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Summary:

Why develop your own project pipelines when you can just buy them? That seems to be a strategy among large solar electric equipment manufacturers such as Sharp, which announced Tuesday its plan to buy Recurrent Energy for about $305 million in cash.

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Why develop your own project pipelines when you can just buy them? That seems to be a strategy among large solar electric equipment manufacturers such as Sharp, which announced Tuesday its plan to buy Recurrent Energy for about $305 million in cash.

Sharp said the purchase will net it 2 gigawatts of projects under development, including 330 megawatts that are under contract for delivery. The Japanese company’s move seems reminiscent of the decision by First Solar to spend $400 million to buy OptiSolar’s project pipeline in 2009. The acquisition made First Solar a formidable player in the project development business and gave an outlet for First Solar’s cadmium-telluride solar panels.

But Recurrent’s CEO, Arno Harris, said his deal with Sharp is much different than the First Solar/Optisolar deal. For example, the San Francisco-based Recurrent Energy will retain its name and executives and staff, said Harris during a press conference call, unlike how OptiSolar was essentially swallowed up by First Solar. “We are really spreading our wings with strategic support from Sharp,” Harris said.

Although Sharp will own Recurrent, its agreement doesn’t require Recurrent to use Sharp’s solar panels, Harris said. What Recurrent will get mostly from Sharp is the Japanese tech giant’s financial support and brand name recognition. He expects Recurrent to continue its relationship with its suppliers. Recurrent has inked purchase deals with Suntech Power, Yingli Green Energy and SolarWorld in the past.

Buying solar panels from Sharp can make good business sense for Recurrent, however. Sharp is one of the largest solar panel makers in the world, so it has the manufacturing might to offer cut-rate products to Recurrent. Sharp makes crystalline silicon solar panels, just like Suntech, Yingli and SolarWorld. Sharp also has been beefing up the production of panels with thin layers of amorphous-silicon/microcrystalline silicon.

Recurrent has been in the business of developing and owning solar energy projects and selling the solar electricity to utilities or business customers. The company will continue with this approach but also will consider selling projects after they’ve been built if doing so will yield a greater return on the investments for Sharp, Harris said.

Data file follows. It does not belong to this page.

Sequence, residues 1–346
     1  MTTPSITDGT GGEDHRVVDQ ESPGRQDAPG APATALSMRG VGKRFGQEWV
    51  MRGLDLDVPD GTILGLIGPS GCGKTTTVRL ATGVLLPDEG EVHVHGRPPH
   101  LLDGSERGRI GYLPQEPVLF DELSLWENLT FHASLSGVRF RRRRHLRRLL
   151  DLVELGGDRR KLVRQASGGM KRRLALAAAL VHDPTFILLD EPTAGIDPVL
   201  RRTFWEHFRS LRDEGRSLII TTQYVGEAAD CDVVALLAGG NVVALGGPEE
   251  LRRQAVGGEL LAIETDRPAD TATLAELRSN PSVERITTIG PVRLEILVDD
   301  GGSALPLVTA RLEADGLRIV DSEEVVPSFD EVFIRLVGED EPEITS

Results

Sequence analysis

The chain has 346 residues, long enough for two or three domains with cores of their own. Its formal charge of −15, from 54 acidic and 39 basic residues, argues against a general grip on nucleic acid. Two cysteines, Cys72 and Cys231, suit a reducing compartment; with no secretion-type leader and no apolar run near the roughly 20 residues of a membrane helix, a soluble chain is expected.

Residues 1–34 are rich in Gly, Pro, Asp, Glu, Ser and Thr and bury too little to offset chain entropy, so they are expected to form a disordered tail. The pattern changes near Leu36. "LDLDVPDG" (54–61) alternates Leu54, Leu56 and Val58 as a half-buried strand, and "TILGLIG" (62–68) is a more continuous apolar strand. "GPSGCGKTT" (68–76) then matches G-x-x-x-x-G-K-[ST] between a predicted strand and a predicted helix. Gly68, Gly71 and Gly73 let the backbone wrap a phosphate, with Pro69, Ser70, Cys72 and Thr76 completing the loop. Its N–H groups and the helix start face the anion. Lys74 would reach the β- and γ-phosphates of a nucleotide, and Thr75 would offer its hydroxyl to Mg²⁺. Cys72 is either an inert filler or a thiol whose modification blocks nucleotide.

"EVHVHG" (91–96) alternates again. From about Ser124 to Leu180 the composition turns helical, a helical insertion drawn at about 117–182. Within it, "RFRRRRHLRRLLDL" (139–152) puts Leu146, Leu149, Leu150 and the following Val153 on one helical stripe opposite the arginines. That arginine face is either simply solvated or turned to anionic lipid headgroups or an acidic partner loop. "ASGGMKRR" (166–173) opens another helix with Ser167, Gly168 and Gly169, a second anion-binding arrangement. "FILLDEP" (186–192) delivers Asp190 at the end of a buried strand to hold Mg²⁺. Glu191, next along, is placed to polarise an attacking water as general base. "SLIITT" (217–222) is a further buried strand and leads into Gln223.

Harris declined to say how much private equity Recurrent has raised since its inception in 2006. It did announce a $75 million round in 2008 and counts Hudson Clean Energy Partners and Mohr Davidow Ventures among its key investors.

Recurrent has found more success in signing energy delivery contracts in North America. Among the 330 megawatts that are under contract, 170 megawatts are going to Ontario Power Authority, 60 megawatts to Sacramento Municipal Utility District and 50 megawatts to Southern California Edison.

Recurrent hasn’t developed all of the 2-gigawatt pipeline by itself. Back in 2009, Recurrent bought 350 megawatts worth of project under development from Chicago-based UPC Solar.

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  1. Congratulations to everyone involved – Sharp, Recurrent and investors Hudson & Mohr Davidow.

    The lack of exclusivity isn’t necessarily a surprise.

    Sharp gets valuable downstream market insight, including on products from other suppliers. Recurrent might have to cut back business in the near term if forced to exclusively sell Sharp. Moreover, certain market commitments, like those in Ontario (where Domestic Content is a factor) likely cannot be satisfied – or only partially satisfied – by Sharp.

    Allowing Recurrent to continue on its current trajectory, and work more closely over the longer term makes good business sense.

    Regards, David

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